Thursday, March 12, 2009

Places I Have Been: Alfred Jacob Miller SHOWTIME

I took the Kiddo and met Vee midday at the art museum again today since it was still pretty cold out, and we finally got to see an Alfred Jacob Miller exhibit I've been waiting to get to. They had a really interesting presentation of three versions of "The Trapper's Bride"

This is the original edition. Now check out the later edition:

It's like playing "One of these things is not like the other one": RACIST EDITION.

I'll spell out the big changes for you.
  • the guy on the horse (which changed to a grittier white) lost his headdress and just got one droopy feather, and the spear went from an antagonistic pointed-at-the-groom to being slung behind him (and a half-naked young hottie is now holding back the horse
  • another tepee was added, and the first tepee is now being constructed rather than being finished
  • the sky behind the tepee/Indian side became ominously dark (representing how the Indian bride is progressing from the "dark" to the "light")
  • the Americanized Indians by the tepee turned into a motley crew of natives
  • the guy offering the peace pipe to the groom (who was not even offering it to him in the first version) underwent a massive change from an older, passive man to a brazen young brave half-naked
  • the guy facilitating the "transfer" (the man with his hand on the bride's shoulder)'s hand went from openly passing between the bride and groom to holding back Peace Pipe Man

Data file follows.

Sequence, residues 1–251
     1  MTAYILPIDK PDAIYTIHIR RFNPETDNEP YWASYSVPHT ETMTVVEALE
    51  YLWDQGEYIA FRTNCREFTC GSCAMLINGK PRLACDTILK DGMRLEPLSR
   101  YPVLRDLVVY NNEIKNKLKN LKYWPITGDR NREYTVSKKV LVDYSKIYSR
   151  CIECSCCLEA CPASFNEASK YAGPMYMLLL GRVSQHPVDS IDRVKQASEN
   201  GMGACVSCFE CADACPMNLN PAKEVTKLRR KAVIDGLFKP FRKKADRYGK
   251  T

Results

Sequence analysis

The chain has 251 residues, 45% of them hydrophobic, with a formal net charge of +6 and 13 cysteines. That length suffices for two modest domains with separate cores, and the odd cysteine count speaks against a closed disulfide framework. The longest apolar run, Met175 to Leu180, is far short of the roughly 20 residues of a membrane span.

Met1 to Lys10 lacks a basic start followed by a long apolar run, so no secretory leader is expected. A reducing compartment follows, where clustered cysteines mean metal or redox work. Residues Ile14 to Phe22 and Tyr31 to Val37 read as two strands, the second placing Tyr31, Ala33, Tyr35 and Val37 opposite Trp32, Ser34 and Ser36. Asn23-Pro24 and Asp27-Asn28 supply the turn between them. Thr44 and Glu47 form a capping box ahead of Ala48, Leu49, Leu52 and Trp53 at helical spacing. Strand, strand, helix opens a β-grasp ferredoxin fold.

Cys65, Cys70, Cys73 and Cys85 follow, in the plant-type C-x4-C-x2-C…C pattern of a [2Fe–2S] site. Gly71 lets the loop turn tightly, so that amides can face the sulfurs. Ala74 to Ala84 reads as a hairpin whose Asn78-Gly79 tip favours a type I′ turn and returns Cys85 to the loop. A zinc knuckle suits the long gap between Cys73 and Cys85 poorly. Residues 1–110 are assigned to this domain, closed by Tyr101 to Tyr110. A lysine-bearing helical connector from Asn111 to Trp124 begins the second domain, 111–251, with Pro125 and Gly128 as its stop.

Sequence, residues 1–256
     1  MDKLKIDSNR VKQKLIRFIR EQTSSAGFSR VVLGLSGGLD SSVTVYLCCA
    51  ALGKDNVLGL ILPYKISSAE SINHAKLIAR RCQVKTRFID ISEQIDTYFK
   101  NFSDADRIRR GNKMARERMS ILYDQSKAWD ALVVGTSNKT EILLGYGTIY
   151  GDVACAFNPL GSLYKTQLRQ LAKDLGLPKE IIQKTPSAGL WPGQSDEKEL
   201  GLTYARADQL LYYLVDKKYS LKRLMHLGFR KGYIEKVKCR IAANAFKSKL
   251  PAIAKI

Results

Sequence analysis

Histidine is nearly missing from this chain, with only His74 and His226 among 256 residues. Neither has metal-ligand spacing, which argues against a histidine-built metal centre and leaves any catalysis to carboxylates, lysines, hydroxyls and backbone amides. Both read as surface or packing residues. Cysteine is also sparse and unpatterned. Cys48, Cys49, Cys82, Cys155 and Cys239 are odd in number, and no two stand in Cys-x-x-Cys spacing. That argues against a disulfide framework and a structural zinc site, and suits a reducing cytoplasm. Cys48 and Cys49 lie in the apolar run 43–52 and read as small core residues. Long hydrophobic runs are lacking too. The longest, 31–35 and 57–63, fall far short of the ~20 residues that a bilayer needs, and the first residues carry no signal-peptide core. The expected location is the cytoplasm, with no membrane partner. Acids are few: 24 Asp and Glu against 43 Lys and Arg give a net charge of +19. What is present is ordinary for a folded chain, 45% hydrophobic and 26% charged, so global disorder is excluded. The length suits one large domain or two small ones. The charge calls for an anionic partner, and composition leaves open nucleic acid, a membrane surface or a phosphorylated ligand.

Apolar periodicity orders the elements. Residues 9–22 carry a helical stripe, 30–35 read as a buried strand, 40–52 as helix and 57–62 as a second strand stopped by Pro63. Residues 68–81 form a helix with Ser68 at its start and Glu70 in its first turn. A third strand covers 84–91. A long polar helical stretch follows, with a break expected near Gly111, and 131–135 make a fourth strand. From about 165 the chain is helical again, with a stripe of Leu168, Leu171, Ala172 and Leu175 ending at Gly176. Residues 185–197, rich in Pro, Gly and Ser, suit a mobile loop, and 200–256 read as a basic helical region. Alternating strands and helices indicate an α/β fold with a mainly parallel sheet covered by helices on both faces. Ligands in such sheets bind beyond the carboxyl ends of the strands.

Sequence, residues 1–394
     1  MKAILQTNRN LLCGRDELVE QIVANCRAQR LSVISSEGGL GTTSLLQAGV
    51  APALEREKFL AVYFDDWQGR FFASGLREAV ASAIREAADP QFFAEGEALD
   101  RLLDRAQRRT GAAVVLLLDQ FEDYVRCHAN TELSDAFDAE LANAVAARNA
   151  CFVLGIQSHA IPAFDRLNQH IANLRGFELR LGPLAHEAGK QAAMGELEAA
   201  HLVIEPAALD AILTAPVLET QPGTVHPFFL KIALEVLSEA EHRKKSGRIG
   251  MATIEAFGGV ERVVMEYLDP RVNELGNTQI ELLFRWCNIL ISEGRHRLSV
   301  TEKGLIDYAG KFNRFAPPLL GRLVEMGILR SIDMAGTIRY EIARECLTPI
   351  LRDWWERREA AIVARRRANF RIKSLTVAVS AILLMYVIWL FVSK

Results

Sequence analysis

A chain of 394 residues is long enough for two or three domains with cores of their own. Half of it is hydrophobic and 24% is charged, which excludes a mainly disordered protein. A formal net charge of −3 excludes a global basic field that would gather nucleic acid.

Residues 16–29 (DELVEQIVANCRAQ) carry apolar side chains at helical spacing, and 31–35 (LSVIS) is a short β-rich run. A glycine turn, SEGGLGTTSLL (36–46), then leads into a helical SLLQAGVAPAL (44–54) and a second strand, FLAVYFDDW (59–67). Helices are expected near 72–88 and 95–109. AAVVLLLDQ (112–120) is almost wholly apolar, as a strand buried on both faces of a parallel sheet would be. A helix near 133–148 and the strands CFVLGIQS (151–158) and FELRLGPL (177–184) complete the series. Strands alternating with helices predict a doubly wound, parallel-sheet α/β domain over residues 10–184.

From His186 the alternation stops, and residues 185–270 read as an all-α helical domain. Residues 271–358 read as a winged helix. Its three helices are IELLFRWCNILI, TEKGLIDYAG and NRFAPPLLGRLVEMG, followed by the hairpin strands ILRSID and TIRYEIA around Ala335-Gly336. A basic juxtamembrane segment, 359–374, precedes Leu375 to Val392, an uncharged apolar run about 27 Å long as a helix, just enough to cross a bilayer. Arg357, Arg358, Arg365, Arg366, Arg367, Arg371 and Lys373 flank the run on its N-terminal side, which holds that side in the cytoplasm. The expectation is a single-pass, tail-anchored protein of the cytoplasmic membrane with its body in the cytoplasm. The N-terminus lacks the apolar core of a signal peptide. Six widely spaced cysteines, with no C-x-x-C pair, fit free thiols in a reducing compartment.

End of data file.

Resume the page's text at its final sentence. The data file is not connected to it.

• the groom's breeches went from leather to a more civilized broadcloth

There are more changes than that, but the thing is that there was a THIRD version bridging the gap between these two; I was FASCINATED by this and Vee had to leave me staring at them. I would say Kiddo cared, but she just wanted to keep crowing "A-da-da!" after Vee left.




Rando said...

The hand of the woman-offerer was holding back peace pipe man because he wanted to see if intermarriage would be enough. And marriages undergone while intoxicated with peace pipe herb are void.

Shawn said...

Were these paintings "for" anyone or anything? Like were they commissioned for a collector or for a museum or something? What were the years of each of these pictures? Was AJM at all influenced by contemporary politics?

E. Langley said...

The second picture shows the half-completed teepee to allude to the fact that the natives were not firmly ensconced in their holdings nor justifiably "rooted" to their land and their eventual re-location further and further off their traditional lands and ultimately onto reservations was not so heinous since they were nomadic.